On September 25, 2020, Generali Global Assistance, Inc (“Generali”) entered into an agreement with the US Treasury’s Office of Foreign Assets Control (OFAC) to pay $5,864,860 for 2,593 apparent violations of Cuba sanctions totaling $285,760. Generali attempted to circumvent the US financial system and evade sanctions in its transactions with Cuban entities, but its sanctions compliance program (SCP) exposes the company to other risks. Although Generali has an established SCP to screen transactions against OFAC’s List of Specially Designated Nationals and Blocked Persons (SDN List), its dependence on list-based screening would almost certainly allow entities and individuals located in embargoed regions or that are owned or controlled by designated individuals to slip through the cracks.
- Generali knew it was prohibited from transacting with Cuban nationals or corporations, so the company routed its Cuba payments through a Canadian affiliate to circumvent US sanctions. An experienced compliance officer would have informed Generali that using a Canadian affiliate to reimburse payments to Cuban service providers was an insufficient effort to ensure compliance.
- Although Generali had an SCP in place when the violations took place, its procedures failed to require screening for countries and regions subject to OFAC prohibitions, according to the settlement. Avoiding transactions in countries such as Cuba or North Korea may be easier than determining whether a transaction is in violation of US law in a region located inside a foreign country, such as Crimea, which is located in Ukraine but was annexed by Russia in 2014.
- OFAC sanctions also apply to all entities that are 50 percent or more owned by a designated individual or entity. A simple screen of OFAC’s SDN List would almost certainly miss entities that are owned or controlled by sanctioned parties. Some companies purchase ready-made lists from data vendors to supplement their list-based screening, but experienced investigators and analysts are better positioned to research ownership and control, especially when ultimate beneficial ownership is unclear.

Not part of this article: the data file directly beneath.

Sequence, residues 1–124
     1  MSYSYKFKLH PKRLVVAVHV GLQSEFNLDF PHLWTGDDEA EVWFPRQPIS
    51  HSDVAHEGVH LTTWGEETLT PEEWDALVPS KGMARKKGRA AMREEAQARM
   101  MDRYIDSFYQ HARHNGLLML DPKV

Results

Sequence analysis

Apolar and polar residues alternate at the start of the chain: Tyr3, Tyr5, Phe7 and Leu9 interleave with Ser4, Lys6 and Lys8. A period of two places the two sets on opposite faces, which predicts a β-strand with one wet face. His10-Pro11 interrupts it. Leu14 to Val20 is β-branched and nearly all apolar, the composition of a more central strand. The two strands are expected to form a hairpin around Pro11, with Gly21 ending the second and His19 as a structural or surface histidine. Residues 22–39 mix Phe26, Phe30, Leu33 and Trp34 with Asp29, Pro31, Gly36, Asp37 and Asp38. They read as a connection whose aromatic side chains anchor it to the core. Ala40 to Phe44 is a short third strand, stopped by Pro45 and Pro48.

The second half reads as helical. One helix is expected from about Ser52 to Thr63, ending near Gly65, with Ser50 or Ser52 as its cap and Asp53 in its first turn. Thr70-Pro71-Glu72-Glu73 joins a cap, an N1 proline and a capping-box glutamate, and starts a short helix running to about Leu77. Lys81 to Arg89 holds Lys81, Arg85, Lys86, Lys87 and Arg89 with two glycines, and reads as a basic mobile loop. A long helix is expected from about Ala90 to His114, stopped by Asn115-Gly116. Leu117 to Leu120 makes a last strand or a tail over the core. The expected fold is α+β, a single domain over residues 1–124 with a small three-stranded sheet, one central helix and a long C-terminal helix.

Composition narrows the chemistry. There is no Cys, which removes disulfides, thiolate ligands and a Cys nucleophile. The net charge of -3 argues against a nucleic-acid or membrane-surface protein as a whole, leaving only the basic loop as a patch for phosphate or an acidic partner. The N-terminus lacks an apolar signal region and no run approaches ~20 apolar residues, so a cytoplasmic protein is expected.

In its settlement agreement with Generali, OFAC noted that the company will be required to establish a robust SCP that observes the five requirements in OFAC’s “Framework for OFAC Compliance Commitments” and will have to undergo annual OFAC certification checks to confirm that Generali adheres to the compliance improvements in the settlement.
This enforcement action highlights the importance of ensuring that compliance policies address both direct and indirect sanctions compliance risks and conducting policy reviews by subject matter experts, who almost certainly would have determined that implementing a procedure to indirectly process transactions whose direct processing would be prohibited exposed Generali to potential penalties and reputational risk. Although the fact that Generali had an established SCP was a mitigating factor in OFAC’s penalty determination, this case confirms that merely having an SCP and screening against the SDN List is insufficient to avoid violations. Sanctions compliance professionals should be provided with resources, authority, and autonomy to ensure that firms are compliant with US laws.
FiveBy can help travel firms build a compliance program that mitigates compliance and reputational risk. We offer risk intelligence expertise to help our clients avoid violating OFAC sanctions and conduct due diligence research. Please contact us for assistance.